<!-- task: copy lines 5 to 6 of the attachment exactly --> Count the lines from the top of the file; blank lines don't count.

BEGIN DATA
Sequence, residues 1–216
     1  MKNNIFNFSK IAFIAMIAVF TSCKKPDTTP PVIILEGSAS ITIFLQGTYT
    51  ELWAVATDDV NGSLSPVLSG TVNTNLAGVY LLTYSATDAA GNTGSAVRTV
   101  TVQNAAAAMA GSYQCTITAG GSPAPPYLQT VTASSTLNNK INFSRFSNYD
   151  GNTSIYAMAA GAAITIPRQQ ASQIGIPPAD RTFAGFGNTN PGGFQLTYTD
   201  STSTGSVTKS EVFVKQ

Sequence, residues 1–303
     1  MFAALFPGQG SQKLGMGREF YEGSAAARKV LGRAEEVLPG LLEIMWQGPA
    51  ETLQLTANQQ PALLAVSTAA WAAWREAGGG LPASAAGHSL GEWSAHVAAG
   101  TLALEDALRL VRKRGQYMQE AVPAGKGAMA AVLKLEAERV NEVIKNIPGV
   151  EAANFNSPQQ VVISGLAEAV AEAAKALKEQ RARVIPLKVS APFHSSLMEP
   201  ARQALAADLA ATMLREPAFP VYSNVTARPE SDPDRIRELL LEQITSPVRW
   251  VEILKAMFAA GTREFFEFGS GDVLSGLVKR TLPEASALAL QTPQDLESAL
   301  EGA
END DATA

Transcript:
   151  GNTSIYAMAA GAAITIPRQQ ASQIGIPPAD RTFAGFGNTN PGGFQLTYTD
   201  STSTGSVTKS EVFVKQ